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Group C: The Rise and Fall of the Golden Age of Endurance Racing: March

Submitted by on August 13, 2020

By Marcel Hundscheid / Speed-O-Graphica

In the 10th part of our Group C retrospective, we take a close look at the sports cars that were built by March Engineering.

The March 82G was the company’s first GTP eligible sports car for use under IMSA regulations and arrived on the scene in 1982. With Adrian Newey on board as designer, March based the 82G on the monocoque chassis they had developed for the BMW M1C in 1981. They equipped the car with a Chevrolet 90° V8 engine. In comparison with Group C cars, such as the Porsche 956 and 962, GTP cars were much more powerful.

Bobby Rahal, Bruce Canepa and Jim Trueman drove the debuting March 82G to the pole position of the 1982 24 Hours of Daytona, but a broken gearbox lead to an early withdrawal. At the 12 hours of Sebring that year they finished 2nd overall.

The 82G was followed by the 83G in 1983. Although the cars looked similar, there was plenty of development to be found in the details. Five cars were produced for the 1983 season; four for participation in the IMSA championship and a single car for Nissan to run under Group C regulations. One of the four chassis built for the IMSA championship, 83G/04, won every race of the 1983 championship and helped Al Holbert claim the title.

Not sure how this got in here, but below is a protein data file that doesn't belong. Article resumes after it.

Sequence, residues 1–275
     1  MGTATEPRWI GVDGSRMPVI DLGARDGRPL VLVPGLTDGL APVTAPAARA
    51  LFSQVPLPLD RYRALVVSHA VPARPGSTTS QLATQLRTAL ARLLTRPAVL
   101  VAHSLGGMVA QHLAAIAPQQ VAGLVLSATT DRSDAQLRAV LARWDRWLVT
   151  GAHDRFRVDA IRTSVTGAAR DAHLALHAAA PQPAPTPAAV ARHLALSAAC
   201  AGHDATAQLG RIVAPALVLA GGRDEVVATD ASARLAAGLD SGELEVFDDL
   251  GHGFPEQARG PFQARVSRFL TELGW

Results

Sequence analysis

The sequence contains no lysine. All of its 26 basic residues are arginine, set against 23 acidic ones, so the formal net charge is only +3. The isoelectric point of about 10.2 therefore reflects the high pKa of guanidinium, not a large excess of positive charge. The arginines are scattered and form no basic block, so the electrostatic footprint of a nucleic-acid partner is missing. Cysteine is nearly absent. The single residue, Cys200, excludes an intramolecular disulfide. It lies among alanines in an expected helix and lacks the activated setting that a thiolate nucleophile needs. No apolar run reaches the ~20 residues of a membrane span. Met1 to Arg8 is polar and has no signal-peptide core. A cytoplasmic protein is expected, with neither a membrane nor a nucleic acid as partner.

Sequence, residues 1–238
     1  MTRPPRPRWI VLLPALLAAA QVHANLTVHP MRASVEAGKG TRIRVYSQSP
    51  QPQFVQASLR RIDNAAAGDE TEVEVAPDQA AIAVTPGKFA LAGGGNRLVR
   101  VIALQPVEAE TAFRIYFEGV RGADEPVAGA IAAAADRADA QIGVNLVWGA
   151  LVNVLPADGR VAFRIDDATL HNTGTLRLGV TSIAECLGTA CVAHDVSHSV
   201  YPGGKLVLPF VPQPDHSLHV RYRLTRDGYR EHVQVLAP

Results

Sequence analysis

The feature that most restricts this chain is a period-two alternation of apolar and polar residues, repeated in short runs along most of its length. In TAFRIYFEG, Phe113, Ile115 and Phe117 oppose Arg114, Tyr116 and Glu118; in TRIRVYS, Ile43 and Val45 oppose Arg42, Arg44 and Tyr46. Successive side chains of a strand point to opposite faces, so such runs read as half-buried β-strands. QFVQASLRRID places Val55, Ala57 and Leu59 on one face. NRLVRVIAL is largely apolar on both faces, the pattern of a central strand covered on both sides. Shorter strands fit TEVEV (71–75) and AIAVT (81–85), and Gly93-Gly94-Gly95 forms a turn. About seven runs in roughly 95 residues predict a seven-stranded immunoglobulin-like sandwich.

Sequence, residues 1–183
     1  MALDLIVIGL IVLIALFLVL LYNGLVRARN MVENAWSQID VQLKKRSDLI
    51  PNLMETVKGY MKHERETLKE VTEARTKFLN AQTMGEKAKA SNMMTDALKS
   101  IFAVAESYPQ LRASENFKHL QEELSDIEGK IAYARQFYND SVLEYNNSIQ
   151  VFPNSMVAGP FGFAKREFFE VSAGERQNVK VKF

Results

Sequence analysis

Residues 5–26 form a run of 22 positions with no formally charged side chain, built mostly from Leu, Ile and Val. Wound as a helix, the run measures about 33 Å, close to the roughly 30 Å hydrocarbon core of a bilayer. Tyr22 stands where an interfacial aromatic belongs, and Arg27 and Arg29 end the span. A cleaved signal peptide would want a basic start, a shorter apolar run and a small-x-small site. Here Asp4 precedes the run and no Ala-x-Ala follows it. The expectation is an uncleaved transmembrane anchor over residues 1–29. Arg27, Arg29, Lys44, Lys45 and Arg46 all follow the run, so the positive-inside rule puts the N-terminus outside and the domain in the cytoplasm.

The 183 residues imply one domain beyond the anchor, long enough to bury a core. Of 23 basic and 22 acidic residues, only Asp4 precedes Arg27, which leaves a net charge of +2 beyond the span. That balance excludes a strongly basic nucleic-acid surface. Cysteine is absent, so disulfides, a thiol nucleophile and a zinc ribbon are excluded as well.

Adrian Newey also designed the March 85G that appeared in 1985 as the final evolution of the March 82G. From the 11 cars that were built, four were equipped with a Porsche 956 engine. Both BMW and Nissan ordered cars from March, and it was a March-Nissan that claimed victory at the Fuji round of the World Sportscar Championship.

March developed the 86G for racing in Group C and IMSA in 1986, known as the BMW GTP, Buick Hawk or Nissan R86V. It all depended on what engine was used. March built 11 cars, of which four were sold to BMW and five to Nissan. The remaining cars were sold to privately-run teams.

BMW used the M12/14 2 liter straight four and Nissan used the VG30ET V6 mid engine. Buick adapted the 3-litre turbo V6 as well as a 4.5 liter naturally aspirated V6. March built just three cars for Nissan, the March 87G, equipped with the new three-liter VEJ30 V-8 engine. For the Le Mans Company a pair of March 88Gs were built in 1988.

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